It’s almost the end of the year and many creatives around the country are looking forward to either being nominated or better off clinching an award for their works during the course of the year.
Zim Hip Hop Awards will be happening soon.
Zimbabwe Music Awards (ZIMA) and the National Arts Merit Awards (NAMA), are slated for the first quarter of the year 2022.
The city’s most prestigious Roil Bulawayo Arts Awards (RoilBAA) have since revealed the nominations for the fifth edition of the affair which is slated for 6 November.
Just like every year, already drama mill is on in the city as some believe the hardest working, those whose songs made an impact on people’s lives, generated views and had successful records of streaming, are not nominated.
Some of the names that are pointed out for not being given a chance in Bulawayo, are Ntabazinduna-bred muso Makhoe Drey, Canaan Nyathi, United Kingdom -based RnB songstress Joy Rukanza, to mention a few.
Makhoe Drey made a huge collaboration this year after featuring South African multi-award-winning rapper Big Zulu on a track titled Emazweni.
Gospel sensation Canaan Nyathi’s hit song Baba Ziveze was crowned Song of The Year at the South Africa Broadcasting Corporation Crown Gospel Awards (SABCCGA).
This year he is set to make history again as he is nominated four times at the SABCCGA.
Indeed, a prophet doesn’t have honour in his home.
Numbers don’t lie, and if we all agree on that, Joy Rukanza was the most hard-working female artiste from Bulawayo this year.
Her collaboration with Mzansi’s Kid X on the song New Day, took the world by storm as it went on to enjoy a good rotation on video channels like Trace Africa, Channel O and MTV.
To crown it all, Joy Rukanza, jetted into Zimbabwe to launch her latest music video Queendom last week at Bulawayo Centre’s Ster Kinekor cinema at a colourful intimate event graced by loyal fans and friends.
If the crown fits on your head, then you can wear it.
All of a sudden, Joy developed guts to “officially” crown herself as the Most Outstanding new comer in Zimbabwe (way beyond Bulawayo).
As she is used to protest petitions mostly publicly done in the UK, Rukanza posted a picture of herself carrying a banner inscribed, “Best Newcomer of the year.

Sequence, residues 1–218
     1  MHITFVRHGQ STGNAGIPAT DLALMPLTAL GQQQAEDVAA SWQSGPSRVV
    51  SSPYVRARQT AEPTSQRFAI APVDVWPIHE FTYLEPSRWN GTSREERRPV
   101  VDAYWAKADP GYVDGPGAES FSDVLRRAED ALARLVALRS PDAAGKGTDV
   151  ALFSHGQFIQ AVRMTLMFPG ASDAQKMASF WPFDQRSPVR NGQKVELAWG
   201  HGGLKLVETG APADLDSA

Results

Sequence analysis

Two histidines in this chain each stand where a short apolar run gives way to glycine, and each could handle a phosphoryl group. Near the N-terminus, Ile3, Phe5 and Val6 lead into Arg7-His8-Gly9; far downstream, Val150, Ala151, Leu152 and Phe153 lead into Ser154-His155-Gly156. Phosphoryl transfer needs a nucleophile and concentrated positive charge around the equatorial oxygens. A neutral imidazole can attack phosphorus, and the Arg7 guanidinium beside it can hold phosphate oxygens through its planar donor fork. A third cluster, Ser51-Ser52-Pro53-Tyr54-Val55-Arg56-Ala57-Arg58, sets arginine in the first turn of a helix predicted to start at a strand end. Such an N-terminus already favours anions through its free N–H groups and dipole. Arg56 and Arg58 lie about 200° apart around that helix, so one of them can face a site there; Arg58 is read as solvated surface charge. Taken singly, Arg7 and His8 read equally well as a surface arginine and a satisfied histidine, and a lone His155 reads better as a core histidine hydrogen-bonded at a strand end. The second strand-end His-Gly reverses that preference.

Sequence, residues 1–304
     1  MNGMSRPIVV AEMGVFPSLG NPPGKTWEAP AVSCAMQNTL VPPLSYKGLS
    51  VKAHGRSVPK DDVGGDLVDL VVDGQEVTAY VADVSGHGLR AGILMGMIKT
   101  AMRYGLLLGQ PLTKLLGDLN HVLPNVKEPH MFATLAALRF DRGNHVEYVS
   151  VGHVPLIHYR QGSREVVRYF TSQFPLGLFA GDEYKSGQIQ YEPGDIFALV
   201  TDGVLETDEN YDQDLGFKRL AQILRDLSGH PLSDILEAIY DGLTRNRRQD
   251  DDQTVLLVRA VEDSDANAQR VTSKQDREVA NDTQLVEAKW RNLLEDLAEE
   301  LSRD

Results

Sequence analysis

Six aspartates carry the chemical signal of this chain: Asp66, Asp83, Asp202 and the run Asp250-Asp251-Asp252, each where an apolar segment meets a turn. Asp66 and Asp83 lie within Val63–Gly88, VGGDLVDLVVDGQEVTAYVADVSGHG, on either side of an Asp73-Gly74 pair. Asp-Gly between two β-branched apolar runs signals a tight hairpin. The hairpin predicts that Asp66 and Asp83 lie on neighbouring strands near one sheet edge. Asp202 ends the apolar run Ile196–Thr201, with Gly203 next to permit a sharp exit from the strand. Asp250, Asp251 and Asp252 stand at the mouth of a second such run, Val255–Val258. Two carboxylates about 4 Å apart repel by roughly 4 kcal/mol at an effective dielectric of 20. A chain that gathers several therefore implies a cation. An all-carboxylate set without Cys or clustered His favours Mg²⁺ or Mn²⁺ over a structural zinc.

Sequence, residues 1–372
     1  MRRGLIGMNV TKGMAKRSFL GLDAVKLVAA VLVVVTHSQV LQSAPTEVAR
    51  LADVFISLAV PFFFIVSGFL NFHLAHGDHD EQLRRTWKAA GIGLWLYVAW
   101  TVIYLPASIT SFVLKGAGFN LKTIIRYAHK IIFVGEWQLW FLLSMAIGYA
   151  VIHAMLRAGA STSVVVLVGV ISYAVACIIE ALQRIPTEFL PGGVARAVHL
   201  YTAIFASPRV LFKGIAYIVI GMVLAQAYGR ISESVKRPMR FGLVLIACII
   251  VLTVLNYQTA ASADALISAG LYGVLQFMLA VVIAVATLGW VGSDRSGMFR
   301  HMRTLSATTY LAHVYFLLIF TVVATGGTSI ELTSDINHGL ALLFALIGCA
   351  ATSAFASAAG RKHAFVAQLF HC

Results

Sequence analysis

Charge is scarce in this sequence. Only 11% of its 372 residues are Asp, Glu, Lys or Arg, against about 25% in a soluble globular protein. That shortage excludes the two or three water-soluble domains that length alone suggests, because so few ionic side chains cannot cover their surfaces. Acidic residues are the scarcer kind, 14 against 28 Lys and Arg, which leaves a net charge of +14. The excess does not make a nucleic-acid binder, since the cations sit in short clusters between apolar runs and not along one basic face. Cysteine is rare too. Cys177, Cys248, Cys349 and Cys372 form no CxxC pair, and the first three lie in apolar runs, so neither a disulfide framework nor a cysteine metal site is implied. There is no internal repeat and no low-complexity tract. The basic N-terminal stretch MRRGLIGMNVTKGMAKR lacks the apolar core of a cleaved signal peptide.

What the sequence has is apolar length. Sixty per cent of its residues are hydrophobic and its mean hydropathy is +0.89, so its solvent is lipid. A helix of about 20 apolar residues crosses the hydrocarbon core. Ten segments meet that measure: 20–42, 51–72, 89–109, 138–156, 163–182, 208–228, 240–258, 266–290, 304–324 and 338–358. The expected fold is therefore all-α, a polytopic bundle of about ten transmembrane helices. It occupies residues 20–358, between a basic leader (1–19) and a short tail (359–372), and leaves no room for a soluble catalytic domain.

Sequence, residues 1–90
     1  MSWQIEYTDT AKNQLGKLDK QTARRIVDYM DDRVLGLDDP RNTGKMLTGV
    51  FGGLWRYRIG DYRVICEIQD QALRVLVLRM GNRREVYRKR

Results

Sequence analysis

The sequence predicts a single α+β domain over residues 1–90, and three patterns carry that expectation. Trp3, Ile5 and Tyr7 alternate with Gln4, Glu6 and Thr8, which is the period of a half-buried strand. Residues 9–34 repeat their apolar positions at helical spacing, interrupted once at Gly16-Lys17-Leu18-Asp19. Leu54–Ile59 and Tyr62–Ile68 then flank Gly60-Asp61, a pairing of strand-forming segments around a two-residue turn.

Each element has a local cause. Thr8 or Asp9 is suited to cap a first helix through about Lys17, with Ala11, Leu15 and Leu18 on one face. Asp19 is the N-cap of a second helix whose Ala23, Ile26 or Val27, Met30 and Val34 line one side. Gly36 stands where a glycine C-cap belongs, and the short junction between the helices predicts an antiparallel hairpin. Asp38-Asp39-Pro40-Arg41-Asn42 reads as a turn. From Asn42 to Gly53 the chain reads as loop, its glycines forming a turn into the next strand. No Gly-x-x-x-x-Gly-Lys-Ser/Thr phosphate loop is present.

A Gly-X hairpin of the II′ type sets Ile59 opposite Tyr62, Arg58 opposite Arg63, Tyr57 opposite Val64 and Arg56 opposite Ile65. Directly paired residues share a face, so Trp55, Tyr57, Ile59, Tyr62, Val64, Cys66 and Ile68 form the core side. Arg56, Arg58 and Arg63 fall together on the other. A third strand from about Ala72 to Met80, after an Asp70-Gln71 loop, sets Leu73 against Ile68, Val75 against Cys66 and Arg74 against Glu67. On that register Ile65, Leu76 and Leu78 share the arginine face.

Period!”, and social media went crazy after her post.
In as much as many people feel she was undermined by the founders of RoilBAA, it still remains unknown if ever she self-nominated or fans nominated her.
Remember, those who submit their material are the “only” ones to be considered for nominations.
Enough about drama, awards are also political.
Some believe most of the nominated creatives are affiliated to the creators of the awards (this also happens all over the world, with the most scandalous ones in years being the South African Music Awards).
The unfairness of “various” awards has seen some artistes boycotting them.
In 2019, South Africa-based legendary DJ Oskido rejected a RoilBAA nomination, and this year Tshibilika musician Martin of the Ndolwane Super Sounds was reported by our sister paper The Chronicle as having boycotted the awards.
Lately, a troubled Zim Dancehall soul in the name of Poptain of the Fadza Mutengi fame, poured out his heart on social media in as far as awards nominations and winning them is concerned.
“……I don’t recognise the industry based on these awards as they are (not) arranged on a fair basis. If for the whole year radio (stations) have been playing you, and you don’t get awarded, it only means there is a flaw on keeping yearly musical track records.
“So, from now on, if an award is to be brought on my table, it should be of a million I made, otherwise, am not going for broke (awards) so should you,” said Poptain.
He believes sponsors are exploiting artistes as they appear once in their lives (to sponsor awards) while they don’t support them during the course of the year.
“Music and a bag of mealie-meal carry the same commodity value. Companies depend on you (artiste) to marketing them, and these award companies make fame from awarding you and getting paid from that so they can do a next show the following year.
“Awards companies and their folks start making money from our submissions on their websites, the more traffic the more revenue so what are they bringing your way?” asked Poptain.
From all his queries and frustrations, to be simplified, Poptain is crying for fairness and transparency of awards and that corporates that sponsor awards should always be on the ground to support struggling artistes.
RoilBAAs are expected to be on another level this year.
The best winner will go away with a housing stand, a move that is aimed at uplifting the lives of artistes.
Sponsors have come on board despite being hit by Covid-19 to invest in the arts industry through awards.
A call for transparency, especially of the voting system, was made by the artistes.